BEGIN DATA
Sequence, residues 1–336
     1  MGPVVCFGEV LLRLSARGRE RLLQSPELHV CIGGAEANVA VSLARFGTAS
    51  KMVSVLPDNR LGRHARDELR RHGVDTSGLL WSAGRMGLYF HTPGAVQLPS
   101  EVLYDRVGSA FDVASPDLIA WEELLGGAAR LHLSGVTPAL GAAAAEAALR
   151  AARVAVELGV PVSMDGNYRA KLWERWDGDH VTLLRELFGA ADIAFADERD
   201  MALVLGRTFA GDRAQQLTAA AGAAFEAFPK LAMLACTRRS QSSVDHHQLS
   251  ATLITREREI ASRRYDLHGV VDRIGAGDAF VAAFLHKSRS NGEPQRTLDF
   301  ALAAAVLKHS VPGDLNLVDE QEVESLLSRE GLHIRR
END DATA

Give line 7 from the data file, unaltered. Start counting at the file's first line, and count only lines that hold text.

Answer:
   251  ATLITREREI ASRRYDLHGV VDRIGAGDAF VAAFLHKSRS NGEPQRTLDF